Ponzi firms may tap business correspondents: RBI cautions banks
RBI has cautioned banks about business correspondents they rely on to serve customers in remote areas, as they may be used by ponzi firms to raise funds.business Updated: Jan 31, 2017 23:05 IST
RBI has cautioned banks about business correspondents they rely on to serve customers in remote areas, as they may be used by ponzi firms to raise funds.
The correspondents, appointed through NGOs mandated by banks, serve in areas where branches cannot be set up. Their job necessitates regular relations with poor and unsuspecting rural people -- ideal targets for ponzi firms that want to raise money with the lure of absurd returns.
At recent meetings of State Level Bankers’ Committees (SLBC) of Bengal, Odisha and Tripura, RBI representatives advised bank officials to “adopt extreme caution” when enrolling NGOs for appointments of business correspondents.
“They clearly said no NGO should be enrolled unless their credentials are cross checked with different agencies,” a senior RBI official from Kolkata regional office told HT.
Banks have been directed to inform the state government about any NGO that appeared to be indulging in such activity and state government representatives have been urged to immediately act against such entities.
This new route employed by ponzi firms is similar to the initial nature of Rose Valley that pushed its schemes under the garb of marketing LIC plans. Gautam Kundu’s company sold its schemes through persons who did not posses any certificate issued by Insurance Regulatory Development Authority (IRDA), necessary under the Licensing of Corporate Agents Regulations Act, 2002.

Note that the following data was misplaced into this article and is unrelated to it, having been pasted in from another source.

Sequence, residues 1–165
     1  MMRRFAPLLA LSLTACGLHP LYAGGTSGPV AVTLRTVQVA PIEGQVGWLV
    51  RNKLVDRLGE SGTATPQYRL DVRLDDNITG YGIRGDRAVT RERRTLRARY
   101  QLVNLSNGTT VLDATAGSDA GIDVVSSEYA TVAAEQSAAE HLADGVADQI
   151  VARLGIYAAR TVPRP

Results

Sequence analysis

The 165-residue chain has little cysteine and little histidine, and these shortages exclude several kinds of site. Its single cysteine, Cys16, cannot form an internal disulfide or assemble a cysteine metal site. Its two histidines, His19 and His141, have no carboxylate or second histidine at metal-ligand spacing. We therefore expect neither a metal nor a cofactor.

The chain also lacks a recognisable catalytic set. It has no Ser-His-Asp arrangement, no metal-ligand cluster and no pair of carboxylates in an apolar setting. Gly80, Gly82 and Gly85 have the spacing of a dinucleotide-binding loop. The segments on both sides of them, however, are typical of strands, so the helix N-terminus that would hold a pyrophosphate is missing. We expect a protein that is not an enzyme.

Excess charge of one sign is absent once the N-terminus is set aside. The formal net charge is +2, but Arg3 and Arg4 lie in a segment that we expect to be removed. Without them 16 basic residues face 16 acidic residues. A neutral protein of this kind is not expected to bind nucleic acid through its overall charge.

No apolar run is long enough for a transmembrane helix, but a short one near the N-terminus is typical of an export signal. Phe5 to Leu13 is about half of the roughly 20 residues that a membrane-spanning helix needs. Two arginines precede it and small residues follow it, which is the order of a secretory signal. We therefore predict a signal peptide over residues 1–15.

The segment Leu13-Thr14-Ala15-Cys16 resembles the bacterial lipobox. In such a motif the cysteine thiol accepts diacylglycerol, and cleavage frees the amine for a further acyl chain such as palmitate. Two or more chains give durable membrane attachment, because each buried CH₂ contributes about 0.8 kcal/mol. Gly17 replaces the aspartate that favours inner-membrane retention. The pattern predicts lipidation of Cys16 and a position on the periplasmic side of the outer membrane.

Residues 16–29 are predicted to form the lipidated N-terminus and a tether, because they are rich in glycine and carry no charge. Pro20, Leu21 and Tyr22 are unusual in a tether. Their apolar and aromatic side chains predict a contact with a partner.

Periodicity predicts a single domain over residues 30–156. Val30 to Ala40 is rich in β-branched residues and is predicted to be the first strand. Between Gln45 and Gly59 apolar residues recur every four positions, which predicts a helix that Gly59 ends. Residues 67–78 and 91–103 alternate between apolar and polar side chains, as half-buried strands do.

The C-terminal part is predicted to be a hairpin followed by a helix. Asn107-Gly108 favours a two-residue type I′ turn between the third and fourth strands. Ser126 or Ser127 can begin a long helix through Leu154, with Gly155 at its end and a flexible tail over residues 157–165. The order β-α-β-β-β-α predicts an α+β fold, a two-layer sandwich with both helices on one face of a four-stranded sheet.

In 2012, IRDA cancelled Rose Valley’s licence as corporate agent of LIC for unfair business practices.
Several probe agencies such CBI, ED and SFIO are conducting investigations against ponzi majors such as Rose Valley and Saradha.
NBFCs & Listing Business Correspondents
The RBI official also said that besides NGOs, banks can also enrol non-deposit collecting non banking finance companies (NBFC) to appoint business correspondents.
“But what has come to our notice is that often deposit-collecting NBFCs are getting enrolled as business correspondent agents of banks. This is quite alarming and hence the apex bank wants banks to adopt extreme caution while enrolling such NBFCs or NGOs,” the RBI official said.
Sources told HT that RBI, in association with Indian Banks Association, is considering setting up a central databank of business correspondents throughout India.
“The proposal is good but sounds tough considering the huge pool of business correspondents in the country,” said an officer of United Bank of India (UBI), the lead bank for the SLBCs in both West Bengal and Tripura.